After over 70 shots, I found myself tiring from the session, so I stopped; but the rifle didn’t seem that hard to cock. This is a surprising and happy revelation.

Trigger
As I was shooting targets today, I found the trigger very heavy. I’ll try to adjust it lighter next time. It’s still smooth and crisp.

Firing behavior
The gun still shoots dead calm without vibration, but the two-way recoil is very noticeable. I had to tighten the ring caps after the scope slipped 3/8 inch from recoil in the first 15 shots. That was my fault for not tightening the screws enough to begin with.

Summary
These groups are not what I had hoped for, but they do show that there’s a right way to hold the gun. I don’t think I have that hold perfected, yet, but I’m closer than when I began. I actually believe the NP2 is capable of much better groups than those you see today because there are smaller groups that look wonderful in each of the final groups.

Crosman said they were able to get one-hole groups at 35 yards. I’m not there yet, but I’m certainly able to put 5 out of 10 into a single hole at 25 yards. Next time, I’ll shoot only Premiers and will begin the test knowing how to hold the rifle. It should get better from there.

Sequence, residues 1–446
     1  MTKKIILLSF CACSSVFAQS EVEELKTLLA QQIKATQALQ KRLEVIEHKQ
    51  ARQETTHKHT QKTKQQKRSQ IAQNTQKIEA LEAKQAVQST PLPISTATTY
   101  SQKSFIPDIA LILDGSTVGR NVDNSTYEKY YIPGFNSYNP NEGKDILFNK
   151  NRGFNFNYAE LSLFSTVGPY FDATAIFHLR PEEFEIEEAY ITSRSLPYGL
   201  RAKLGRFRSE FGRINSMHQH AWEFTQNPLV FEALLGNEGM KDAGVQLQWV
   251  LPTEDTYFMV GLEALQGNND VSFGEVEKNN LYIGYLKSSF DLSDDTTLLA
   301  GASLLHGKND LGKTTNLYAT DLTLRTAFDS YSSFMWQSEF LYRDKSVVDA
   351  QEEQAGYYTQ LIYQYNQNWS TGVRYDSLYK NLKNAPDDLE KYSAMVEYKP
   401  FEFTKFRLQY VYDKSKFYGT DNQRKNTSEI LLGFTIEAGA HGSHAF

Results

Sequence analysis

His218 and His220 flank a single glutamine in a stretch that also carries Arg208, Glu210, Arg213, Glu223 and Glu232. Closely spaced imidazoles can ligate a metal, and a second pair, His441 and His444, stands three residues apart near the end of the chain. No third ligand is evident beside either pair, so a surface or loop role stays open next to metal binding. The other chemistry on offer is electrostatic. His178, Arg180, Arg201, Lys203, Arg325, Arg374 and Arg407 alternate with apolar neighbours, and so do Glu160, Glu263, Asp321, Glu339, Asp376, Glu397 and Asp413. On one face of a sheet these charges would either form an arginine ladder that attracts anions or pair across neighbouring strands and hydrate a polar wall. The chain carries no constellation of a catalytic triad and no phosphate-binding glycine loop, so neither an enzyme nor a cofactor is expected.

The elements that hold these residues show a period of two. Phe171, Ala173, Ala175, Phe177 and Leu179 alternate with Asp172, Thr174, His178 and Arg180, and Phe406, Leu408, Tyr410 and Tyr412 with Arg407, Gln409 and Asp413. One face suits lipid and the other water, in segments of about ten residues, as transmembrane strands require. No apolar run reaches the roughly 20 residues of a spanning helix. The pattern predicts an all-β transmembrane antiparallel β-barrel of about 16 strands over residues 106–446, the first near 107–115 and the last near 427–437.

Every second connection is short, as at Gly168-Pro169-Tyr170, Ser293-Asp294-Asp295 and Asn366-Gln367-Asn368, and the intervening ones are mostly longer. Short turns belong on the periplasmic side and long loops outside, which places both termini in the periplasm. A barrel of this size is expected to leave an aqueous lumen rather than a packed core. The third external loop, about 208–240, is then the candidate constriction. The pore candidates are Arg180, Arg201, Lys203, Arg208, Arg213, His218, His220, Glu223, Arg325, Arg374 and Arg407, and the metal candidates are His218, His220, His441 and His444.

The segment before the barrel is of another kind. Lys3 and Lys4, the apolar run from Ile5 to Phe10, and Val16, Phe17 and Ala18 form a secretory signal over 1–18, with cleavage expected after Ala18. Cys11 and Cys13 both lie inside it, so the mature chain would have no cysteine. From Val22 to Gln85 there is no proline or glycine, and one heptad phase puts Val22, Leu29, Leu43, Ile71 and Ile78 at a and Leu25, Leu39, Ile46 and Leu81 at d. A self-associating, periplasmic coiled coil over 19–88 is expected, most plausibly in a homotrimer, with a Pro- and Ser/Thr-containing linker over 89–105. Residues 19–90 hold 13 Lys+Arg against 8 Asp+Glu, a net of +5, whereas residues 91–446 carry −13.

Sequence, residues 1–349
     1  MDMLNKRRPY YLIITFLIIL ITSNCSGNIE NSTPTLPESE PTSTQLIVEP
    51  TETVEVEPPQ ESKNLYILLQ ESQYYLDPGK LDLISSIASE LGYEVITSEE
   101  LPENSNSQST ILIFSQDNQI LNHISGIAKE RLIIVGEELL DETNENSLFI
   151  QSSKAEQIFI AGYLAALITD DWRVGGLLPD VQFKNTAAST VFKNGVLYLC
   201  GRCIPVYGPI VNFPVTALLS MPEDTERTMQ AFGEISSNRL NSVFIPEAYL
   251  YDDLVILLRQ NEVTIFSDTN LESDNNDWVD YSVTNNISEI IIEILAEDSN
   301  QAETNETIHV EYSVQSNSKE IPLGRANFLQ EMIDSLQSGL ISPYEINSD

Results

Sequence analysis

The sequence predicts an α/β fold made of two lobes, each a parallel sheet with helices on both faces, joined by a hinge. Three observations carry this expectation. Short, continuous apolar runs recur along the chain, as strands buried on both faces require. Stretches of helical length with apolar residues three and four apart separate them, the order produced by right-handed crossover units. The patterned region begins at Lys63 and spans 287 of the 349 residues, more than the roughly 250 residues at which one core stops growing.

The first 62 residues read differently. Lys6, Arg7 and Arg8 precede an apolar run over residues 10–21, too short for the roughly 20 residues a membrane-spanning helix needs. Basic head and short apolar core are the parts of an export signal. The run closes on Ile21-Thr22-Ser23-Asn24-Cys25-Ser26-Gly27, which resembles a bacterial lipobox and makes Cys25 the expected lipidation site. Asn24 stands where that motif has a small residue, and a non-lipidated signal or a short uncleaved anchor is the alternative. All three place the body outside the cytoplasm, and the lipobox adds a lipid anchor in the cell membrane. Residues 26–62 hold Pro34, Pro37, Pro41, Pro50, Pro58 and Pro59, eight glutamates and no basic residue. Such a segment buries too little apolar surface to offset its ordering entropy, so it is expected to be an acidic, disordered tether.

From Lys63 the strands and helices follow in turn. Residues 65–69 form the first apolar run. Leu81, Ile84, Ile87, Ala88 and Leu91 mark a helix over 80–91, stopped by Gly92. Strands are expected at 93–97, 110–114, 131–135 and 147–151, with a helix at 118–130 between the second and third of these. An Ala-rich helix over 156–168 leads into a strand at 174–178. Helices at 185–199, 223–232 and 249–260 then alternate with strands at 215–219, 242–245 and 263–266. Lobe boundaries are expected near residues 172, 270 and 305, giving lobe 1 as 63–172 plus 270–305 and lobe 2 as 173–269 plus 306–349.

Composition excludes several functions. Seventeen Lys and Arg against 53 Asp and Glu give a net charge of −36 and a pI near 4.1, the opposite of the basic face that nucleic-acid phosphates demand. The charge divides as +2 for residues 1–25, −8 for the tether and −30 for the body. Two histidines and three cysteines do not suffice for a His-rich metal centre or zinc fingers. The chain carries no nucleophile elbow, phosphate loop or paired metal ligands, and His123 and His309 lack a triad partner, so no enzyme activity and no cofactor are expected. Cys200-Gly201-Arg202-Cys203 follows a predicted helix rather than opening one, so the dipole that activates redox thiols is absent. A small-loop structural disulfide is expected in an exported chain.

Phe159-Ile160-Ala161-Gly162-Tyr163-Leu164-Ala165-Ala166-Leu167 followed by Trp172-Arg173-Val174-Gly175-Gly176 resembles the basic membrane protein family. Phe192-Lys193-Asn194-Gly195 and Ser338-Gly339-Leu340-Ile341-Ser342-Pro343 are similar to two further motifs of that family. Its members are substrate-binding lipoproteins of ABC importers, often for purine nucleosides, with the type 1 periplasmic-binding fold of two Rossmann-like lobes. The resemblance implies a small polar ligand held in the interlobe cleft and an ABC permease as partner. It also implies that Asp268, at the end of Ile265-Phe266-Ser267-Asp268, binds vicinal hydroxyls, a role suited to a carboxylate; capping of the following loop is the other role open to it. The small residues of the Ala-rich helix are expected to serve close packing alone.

84 thoughts on “Benjamin Trail Nitro Piston 2: Part 3

  1. Yes, the blog went down last night as it was published and we are now up after 13+ hours. We have received emails from many readers, plus Pyramyd Air has received more emails.

    Thank you for your patience on this.

    B.B.



  2. Hi BB,
    Thanks for posting testing that doesn’t go as you had expected. It helps new and veteran airgunners alike to know what to do when things go wrong. I know that you, and all of us, are disappointed at the groups you are getting so far. I would sure love to see you get the 1 hole group at 35 yards that Crosman said they got. That would be exciting.

    It has been my experience that when I got my best groups with a tight hold on a springer that there were still issues to work out, and that once those issues were worked out that the light hold worked best.